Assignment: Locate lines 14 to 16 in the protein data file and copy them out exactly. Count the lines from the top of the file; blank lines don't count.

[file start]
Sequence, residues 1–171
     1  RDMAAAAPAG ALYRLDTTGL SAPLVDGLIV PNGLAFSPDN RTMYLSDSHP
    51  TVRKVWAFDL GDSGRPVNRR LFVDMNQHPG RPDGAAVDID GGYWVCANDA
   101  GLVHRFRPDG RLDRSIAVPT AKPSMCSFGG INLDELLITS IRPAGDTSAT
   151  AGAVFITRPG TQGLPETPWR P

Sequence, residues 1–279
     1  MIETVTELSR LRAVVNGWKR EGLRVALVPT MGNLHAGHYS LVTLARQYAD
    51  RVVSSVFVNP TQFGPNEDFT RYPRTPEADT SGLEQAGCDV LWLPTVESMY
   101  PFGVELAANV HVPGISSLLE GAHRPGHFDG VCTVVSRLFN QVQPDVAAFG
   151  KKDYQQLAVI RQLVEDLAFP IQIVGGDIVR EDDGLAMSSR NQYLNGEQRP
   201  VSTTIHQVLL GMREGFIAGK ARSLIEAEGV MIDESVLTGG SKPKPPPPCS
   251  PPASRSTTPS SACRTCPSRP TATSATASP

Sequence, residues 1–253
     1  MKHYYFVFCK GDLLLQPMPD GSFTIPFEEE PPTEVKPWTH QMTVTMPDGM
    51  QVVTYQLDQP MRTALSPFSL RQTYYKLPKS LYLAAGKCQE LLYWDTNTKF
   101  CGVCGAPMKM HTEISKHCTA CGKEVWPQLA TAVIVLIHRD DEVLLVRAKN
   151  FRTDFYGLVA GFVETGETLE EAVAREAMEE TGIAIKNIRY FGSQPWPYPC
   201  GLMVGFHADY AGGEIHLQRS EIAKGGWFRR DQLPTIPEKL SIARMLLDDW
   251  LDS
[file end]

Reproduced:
     1  MKHYYFVFCK GDLLLQPMPD GSFTIPFEEE PPTEVKPWTH QMTVTMPDGM
    51  QVVTYQLDQP MRTALSPFSL RQTYYKLPKS LYLAAGKCQE LLYWDTNTKF
   101  CGVCGAPMKM HTEISKHCTA CGKEVWPQLA TAVIVLIHRD DEVLLVRAKN